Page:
Curated by architect and historian Joseph Abram, in collaboration with Rem Koolhaas’ OMA/AMO, the exhibition celebrates the work of Perret, in particular his extended use of reinforced concrete.
The exhibition analyzes, through more than 400 original documents such as sketches, pictures, scale models and personal letters, eight buildings conceived by Perret. These include the Théâtre des Champs-Elysées in Paris, along with the Hôtel de Ville and the Eglise Saint Joseph in Le Havre. — wwd.com
Ryusuke Nanki, a Tokyo-based designer and former student of Shigeru Ban, was the head of production and design for the first European showing of the "L'art de Rosanjin" exhibition at the Guimet Museum in Paris that happened from July 3 to Sept. 9.
The continuous flow of the exhibition space, pillars, and beams are an ode to traditional Japanese architecture, while a soft palette of whites and grays express the sophistication of epicure and artist Rosanjin Kitaôji. — bustler.net
"above all we want to show to best advantage what is after all a treasure of urban planning. Don't forget that the Paris quays are on Unesco's list of world heritage sites." - Xavier Janc — BBC News Magazine
Philip Beesley is a Canada-based architect who has spent years blurring the lines between nature and technology. In 2008, he began work on the Hyozolic series — a collection of immersive installations that react to, and evolve with, the movements of people who pass through them. The idea, according to Beesley, is to create a "metabolic architecture," whereby manmade structures are seen not as inanimate, fixed objects, but as living, breathing entities, capable of regeneration and growth. — theverge.com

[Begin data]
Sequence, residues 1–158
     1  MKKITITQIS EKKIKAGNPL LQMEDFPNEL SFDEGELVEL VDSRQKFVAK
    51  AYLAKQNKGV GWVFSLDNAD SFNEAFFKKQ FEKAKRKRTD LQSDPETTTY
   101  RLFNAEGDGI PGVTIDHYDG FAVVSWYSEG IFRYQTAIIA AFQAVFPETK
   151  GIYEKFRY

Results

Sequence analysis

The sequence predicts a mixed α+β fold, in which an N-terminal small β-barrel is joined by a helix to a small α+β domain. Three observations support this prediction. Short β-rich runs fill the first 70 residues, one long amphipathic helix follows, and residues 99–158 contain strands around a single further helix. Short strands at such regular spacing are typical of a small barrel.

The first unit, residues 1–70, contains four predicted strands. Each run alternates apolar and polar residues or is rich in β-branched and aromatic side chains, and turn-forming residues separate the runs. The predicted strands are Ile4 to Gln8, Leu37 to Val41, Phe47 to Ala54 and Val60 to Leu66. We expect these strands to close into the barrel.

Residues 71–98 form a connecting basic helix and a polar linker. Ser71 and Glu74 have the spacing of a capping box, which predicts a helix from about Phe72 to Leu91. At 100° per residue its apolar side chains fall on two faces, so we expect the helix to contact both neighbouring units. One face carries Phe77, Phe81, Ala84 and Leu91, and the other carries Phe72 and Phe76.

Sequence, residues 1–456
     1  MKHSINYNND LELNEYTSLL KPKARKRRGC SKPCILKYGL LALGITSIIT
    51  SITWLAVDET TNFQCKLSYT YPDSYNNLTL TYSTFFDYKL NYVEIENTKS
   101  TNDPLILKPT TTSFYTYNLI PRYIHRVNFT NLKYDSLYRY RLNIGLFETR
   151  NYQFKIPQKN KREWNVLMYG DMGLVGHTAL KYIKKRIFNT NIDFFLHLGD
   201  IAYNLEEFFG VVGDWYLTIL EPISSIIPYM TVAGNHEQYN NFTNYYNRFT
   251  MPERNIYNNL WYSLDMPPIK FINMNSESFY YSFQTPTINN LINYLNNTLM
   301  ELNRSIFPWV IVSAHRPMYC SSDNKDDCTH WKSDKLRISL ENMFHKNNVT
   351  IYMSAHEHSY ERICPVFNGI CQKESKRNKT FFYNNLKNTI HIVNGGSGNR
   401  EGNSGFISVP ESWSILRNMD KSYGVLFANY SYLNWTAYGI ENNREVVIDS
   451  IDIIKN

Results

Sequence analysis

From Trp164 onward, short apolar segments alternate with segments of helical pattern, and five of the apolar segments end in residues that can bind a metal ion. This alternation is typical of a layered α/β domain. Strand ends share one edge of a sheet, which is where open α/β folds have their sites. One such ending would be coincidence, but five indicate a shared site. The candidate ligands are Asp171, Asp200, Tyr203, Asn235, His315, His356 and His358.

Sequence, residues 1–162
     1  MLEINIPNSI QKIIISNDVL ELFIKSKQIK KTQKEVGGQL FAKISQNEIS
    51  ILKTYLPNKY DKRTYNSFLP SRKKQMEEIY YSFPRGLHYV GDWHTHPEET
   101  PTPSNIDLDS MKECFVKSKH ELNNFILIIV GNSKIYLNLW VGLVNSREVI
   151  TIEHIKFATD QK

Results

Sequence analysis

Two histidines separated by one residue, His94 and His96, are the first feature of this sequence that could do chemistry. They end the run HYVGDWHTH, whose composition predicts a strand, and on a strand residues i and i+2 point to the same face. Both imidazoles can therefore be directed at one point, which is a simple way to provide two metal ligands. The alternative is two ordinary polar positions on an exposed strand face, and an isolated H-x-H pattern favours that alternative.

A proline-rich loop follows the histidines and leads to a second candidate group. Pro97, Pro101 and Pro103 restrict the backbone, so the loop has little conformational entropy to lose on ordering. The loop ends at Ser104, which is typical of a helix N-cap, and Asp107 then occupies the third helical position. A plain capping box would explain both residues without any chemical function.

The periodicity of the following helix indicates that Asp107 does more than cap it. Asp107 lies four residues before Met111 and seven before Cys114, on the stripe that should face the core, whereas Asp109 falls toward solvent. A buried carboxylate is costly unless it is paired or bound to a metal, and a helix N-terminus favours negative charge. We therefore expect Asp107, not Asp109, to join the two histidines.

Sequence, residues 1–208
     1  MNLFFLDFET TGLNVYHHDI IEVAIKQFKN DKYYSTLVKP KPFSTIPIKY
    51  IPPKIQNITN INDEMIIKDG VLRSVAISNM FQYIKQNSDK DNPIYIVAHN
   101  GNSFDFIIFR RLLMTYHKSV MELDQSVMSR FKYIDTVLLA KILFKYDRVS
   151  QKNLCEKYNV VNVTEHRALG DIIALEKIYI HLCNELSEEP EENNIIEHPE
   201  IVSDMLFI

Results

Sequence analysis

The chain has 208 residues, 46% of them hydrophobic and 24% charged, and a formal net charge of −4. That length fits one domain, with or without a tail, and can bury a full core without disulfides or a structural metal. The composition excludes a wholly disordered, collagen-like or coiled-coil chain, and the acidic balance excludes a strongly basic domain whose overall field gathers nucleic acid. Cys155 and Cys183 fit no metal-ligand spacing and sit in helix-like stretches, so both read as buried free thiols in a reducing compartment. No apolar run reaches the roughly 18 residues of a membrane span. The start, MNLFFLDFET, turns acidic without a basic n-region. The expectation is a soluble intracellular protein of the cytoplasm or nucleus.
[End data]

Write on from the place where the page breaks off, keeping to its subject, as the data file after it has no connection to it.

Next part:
That’s a nice photo of Paris, isn’t it? Nope! That’s not Paris and no, it’s not Disney World or even the Las Vegas Strip; it’s a replica Paris in China. What makes this clone of Paris even more weird is that it’s a ghost town. Only about 2,000 people live there, which means that those giant skyscrapers, with 700+ units tend to only have around 30 people living in each of them. This city has become a place to take wedding photos for Chinese citizens who can’t afford to travel to the real Paris... — mydesignstories.com